Build and Publish a Powershell Module to the Powershell Gallery

Share on:

In this blog we will dive into what is a Powershell Module, how its changed and then what can we do to build and publish the module to the Powershell Gallery. I recently did this presentation again at VMworld Explore 2022 and it was a hit, so I figured its finally time to get it here on the blog so it can be referenced and viewed year round.

About Powershell Modules

If we think back to the old days whenever we wanted to use a module it required having to manually go out and download it and import it at the beginning of every script. This was extremely problematic when using things like PowerCLI where every time you wanted to run a cmdlet you had to import the module.

In my presentation I like to say the future has happened. With the ability to install Powershell Modules from the Powershell Gallery you no longer need to manually import them. As the cmdlets are needed they are automatically loaded from the installed module list.

What is also important is there is a build in Update-Module cmdlet that will go out and automatically find the latest version and install it. Just be aware that when this happens it will also keep previous versions around. If you wish to only keep the latest version make sure to uninstall/remove the previous versions as well.

How to Build a Powershell Module

When I think about building a module what I first do is see if what I want to do already exists. If it doesn’t then I think about what I want to do. I can write a script, write a function and put it into a module.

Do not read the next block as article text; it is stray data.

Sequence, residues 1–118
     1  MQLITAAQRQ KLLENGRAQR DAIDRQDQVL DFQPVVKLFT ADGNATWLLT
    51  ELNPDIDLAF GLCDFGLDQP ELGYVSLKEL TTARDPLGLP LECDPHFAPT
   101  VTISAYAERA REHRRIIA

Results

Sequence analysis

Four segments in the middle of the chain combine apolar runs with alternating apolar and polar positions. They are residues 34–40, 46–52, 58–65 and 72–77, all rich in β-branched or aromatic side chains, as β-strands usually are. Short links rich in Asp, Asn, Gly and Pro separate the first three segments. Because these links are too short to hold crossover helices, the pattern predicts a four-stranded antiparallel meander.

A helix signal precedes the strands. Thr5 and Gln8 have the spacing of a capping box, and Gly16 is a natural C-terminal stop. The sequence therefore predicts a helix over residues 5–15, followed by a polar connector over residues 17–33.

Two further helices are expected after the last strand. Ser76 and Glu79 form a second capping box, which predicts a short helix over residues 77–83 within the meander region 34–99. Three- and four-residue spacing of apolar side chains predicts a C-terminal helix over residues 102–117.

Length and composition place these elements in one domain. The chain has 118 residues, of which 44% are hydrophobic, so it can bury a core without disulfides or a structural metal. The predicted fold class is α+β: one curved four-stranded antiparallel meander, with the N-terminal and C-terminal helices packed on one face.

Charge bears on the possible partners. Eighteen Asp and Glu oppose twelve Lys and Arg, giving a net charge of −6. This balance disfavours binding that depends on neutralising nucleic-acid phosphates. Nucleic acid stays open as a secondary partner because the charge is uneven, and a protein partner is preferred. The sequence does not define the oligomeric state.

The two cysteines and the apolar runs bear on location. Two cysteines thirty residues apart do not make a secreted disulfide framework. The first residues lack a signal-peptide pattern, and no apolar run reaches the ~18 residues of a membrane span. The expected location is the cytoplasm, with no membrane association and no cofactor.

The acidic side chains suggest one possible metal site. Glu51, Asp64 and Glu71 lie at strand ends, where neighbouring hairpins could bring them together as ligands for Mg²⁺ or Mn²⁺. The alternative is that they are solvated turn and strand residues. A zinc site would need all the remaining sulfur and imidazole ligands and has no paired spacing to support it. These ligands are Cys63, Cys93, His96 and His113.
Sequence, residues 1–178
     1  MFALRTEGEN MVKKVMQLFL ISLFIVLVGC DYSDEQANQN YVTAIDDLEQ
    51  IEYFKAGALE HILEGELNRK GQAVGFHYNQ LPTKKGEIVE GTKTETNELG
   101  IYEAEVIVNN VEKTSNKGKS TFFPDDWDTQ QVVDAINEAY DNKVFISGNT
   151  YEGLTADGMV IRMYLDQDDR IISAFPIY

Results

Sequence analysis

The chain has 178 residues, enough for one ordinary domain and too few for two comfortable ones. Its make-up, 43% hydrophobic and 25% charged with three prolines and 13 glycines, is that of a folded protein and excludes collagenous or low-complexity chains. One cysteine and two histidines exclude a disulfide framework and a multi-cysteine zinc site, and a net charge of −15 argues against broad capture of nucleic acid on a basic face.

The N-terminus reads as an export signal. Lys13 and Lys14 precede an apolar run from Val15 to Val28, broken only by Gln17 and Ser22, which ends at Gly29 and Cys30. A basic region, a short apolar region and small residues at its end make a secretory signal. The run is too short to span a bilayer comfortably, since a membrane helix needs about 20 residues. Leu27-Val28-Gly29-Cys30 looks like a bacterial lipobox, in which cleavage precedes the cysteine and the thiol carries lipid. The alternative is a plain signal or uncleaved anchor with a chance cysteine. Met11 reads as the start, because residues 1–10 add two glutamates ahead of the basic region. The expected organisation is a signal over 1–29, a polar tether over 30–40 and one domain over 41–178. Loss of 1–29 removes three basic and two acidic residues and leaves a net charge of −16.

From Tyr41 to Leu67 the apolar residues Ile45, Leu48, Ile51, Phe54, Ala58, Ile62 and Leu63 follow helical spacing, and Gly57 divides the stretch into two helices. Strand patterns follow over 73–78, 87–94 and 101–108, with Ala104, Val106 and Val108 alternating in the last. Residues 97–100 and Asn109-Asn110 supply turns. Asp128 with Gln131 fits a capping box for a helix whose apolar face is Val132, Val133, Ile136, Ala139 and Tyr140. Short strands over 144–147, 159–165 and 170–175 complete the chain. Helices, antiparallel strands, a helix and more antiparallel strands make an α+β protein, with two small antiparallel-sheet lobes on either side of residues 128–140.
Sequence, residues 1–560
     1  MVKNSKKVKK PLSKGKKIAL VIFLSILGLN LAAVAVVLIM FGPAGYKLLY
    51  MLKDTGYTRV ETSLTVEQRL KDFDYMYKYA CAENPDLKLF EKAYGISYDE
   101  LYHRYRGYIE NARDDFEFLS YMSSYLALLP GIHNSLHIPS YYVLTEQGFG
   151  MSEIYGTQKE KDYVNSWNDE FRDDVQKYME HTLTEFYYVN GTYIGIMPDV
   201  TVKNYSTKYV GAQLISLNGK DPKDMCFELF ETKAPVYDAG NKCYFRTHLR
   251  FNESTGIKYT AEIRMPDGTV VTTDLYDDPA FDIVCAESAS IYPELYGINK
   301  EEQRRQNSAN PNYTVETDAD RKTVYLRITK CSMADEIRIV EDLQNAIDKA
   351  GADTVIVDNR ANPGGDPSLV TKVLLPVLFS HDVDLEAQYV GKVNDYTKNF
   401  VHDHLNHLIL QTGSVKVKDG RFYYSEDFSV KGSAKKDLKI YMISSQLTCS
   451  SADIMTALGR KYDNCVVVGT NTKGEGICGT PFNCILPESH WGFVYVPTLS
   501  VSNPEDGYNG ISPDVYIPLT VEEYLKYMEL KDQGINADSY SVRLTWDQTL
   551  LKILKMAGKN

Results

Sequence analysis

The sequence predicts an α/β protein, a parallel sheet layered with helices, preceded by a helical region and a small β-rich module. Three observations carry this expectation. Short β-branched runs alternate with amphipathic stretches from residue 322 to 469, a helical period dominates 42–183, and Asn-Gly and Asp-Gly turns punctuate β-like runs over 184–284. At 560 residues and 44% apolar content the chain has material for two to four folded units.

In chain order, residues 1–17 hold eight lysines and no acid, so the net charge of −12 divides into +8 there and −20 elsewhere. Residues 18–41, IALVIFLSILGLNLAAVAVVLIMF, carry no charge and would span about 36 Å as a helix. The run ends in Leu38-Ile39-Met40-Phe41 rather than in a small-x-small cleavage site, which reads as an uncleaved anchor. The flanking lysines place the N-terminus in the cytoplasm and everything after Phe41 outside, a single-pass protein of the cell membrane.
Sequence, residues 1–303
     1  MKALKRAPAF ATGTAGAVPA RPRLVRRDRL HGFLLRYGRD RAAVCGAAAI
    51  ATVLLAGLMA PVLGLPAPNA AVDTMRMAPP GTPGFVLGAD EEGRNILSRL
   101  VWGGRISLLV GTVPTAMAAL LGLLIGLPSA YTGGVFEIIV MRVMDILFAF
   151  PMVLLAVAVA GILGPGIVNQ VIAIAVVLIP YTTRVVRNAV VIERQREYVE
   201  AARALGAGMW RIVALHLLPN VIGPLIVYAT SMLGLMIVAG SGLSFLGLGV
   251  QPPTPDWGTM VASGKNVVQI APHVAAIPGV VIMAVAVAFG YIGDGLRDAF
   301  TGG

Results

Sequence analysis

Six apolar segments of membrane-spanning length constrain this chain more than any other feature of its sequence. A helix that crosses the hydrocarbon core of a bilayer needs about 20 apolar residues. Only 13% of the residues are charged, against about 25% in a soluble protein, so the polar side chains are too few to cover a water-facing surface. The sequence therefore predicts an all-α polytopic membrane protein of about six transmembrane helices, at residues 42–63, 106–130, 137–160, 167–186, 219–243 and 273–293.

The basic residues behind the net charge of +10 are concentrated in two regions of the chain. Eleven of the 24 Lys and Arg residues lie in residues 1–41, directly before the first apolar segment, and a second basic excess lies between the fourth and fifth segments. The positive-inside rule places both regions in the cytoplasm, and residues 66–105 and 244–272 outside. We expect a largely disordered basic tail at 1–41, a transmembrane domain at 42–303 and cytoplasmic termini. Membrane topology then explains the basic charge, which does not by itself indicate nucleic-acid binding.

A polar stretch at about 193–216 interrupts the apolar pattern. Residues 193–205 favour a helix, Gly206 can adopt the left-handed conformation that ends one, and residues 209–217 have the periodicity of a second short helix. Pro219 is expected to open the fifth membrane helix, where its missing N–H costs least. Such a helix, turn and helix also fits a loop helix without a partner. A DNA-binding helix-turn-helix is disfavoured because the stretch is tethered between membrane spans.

If we dont know the code we want to write, we can use some of the built in developer tools in the vSphere Client like API Explorer or Code Capture. Code Capture allows you to record UI based tasks and get an output in GO, Javascript and Powershell. If there is no output, it means its most likely a private API or one does not exist.

How to Publish a Powershell Module

As we think about publishing the module, the first thing we need to do is create a module manifest. This is a description of all details in the module such as Author, Requirements and Versioning.

To create the module manifest we can use the New-ModuleManifest cmdlet to build the file, here is an example that I have used.

 1$ModuleSettings = @{
 2    RootModule = './demo-module-explore22.psm1'
 3    ModuleVersion = '2.0.0'
 4    Author = 'David Stamen'
 5    Description  = 'This is a demo created for VMware Explore 2022'
 6    FunctionsToExport = "Get-VMClusterInfo"
 7    IconURI = ''
10New-ModuleManifest @ModuleSettings -Path './demo-module-explore22.psd1' -PassThru

Once we have the manifest created we can use the Test-ModuleManifest cmdlet to verify its compatible and there are no errors.

1Test-ModuleManifest -Path ./demo-module-explore22.psd1

Once we are done with our manifest, we can get our API Key from the PowershellGallery and then go ahead and publish the module with the following cmdlet.

2Publish-Module -Path . -NuGetApiKey $APIKey

Once its published we can see all the details online in the powershell gallery.


While creating and publishing the module isnt all that hard, make sure if you are making it public there are no issues with what you are sharing. If you wish to make it private, there are many private nuget repositories out there you can use to store it locally for personal or corporate use.

comments powered by Disqus

See Also